Follow
Share

My sister-in-law began having serious memory issues a couple of years ago. It became clear after several falls and medicine mismanagement that she needed 24 hr care. Her loving children made the decisions without allowing the woman a chance to decide all the details. Especially, what will happen to her home, car, and precious items she has collected all of her life. Does she have the legal right to be represented to have a family meeting at which she could ask questions? She has not been declared incompetent and still is very aware of her living situation. She was placed in an assisted living facility which is wonderful so she has no complaints about that. It was just that she left the hospital and went to a rehab center and now to assisted living .....all without her input. I am sure she agreed with the children but when she is with her siblings there is always a voicing of needing to know the details about her future. I hope there is someone who could intervene. I certainly cannot since I do not want to cause a ripple in the family. Finally, her son and daughter-in-law have done everything they could to keep her in her home and they love her very much. Never would they want to bring her any harm. It is just that she has so many questions and cannot move forward with this change in her life without some closure.

Thank you in advance for letting me have the opportunity to voice my concern. She is more like a sister to me and I wish to have what is best for her, too.

This question has been closed for answers. Ask a New Question.
People with significant memory issues will fabricate stories to fill in the blanks in their memory. And then will deny having ever been told something. It's just how it is. So you are only getting a small portion of the story. Check with the children, find out how they answer her concerns (chances are good she has asked them at least 100 times the same things she brings up with you). And then you can answer the questions the same way. If there's a particular item she wants placed in her room maybe the family can arrange it.
Helpful Answer (0)
Report

Fredandbrenda, your first sentence says it all "My sister-in-law began having serious memory issues a couple of years ago."

With any type of serious memory issues, asking a person what he/she wishes regarding their living situation would be like asking an 5 years old child.... at that age the child is clear minded but is unable to reason out adult situations.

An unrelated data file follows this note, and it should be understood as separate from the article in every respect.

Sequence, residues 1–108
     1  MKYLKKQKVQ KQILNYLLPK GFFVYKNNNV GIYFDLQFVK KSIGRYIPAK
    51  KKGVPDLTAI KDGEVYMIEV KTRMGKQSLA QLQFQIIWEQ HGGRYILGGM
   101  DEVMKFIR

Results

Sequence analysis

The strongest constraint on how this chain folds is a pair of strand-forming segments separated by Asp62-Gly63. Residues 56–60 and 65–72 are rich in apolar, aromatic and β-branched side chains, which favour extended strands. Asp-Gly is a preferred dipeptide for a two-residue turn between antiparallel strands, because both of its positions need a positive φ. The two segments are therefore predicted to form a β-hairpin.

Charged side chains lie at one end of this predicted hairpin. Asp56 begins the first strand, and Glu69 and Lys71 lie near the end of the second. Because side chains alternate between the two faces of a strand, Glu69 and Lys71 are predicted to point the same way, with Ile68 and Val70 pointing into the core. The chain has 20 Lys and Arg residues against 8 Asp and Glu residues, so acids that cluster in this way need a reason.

Yes, there will be times when your sister-in-law will be in the moment thinking clearly, but the problem is catching the loops when that will happen. It's like an old fashioned tape recorder, there will eventually be parts of the tape that are missing.
Helpful Answer (1)
Report

Of course she has a legal right to call a family meeting. I suppose her kids would have a legal right to refuse to come. I think this is more about family dynamics and her memory loss than legalities.

It may be that the disposition of her property has been explained to her -- perhaps many times. If she just can't remember that makes her anxious. I can understand that you don't want to make waves and rock the family boat. But I'll bet you can handle a conversation with her son and his wife, to find out how they would like you to respond when these questions come up. I think it would be better if the entire family gave her the same answers.

If you can't seek guidance from her children, then perhaps a response like, "I'm sure that Bob and Gretchen are handling all those details very effectively. They don't want you to worry about any of it. They are very loving children." would work.

It is very good that she is satisfied with her living arrangement. From what you say it is very probable that her input was sought.
Helpful Answer (1)
Report

Yes, she does have rights, and even if she's incompetent now, if she has an advanced directive and appointed a POA, then those wishes have to be honored. Since you say she is competent now, she can leave at any time and do as she pleases. I suspect she has been declared incompetent, and that's why her children were able to get her moved to an ALF, and as noted above, she may not remember being told. Or her kids could have just done it without telling her. Usually, even a conservator would have to go seek court approval to move someone out of their home, so I think you are missing a big part of the whole story.
Helpful Answer (1)
Report

Is your sister in law not comfortable talking to her child about this? Since she has serious memory issues, it seems possible that she's been told, and has forgotten. I'm sure you can figure out a diplomatic way to approach "the kids" about this, you seem like an incredibly tactful person!
Helpful Answer (1)
Report

This question has been closed for answers. Ask a New Question.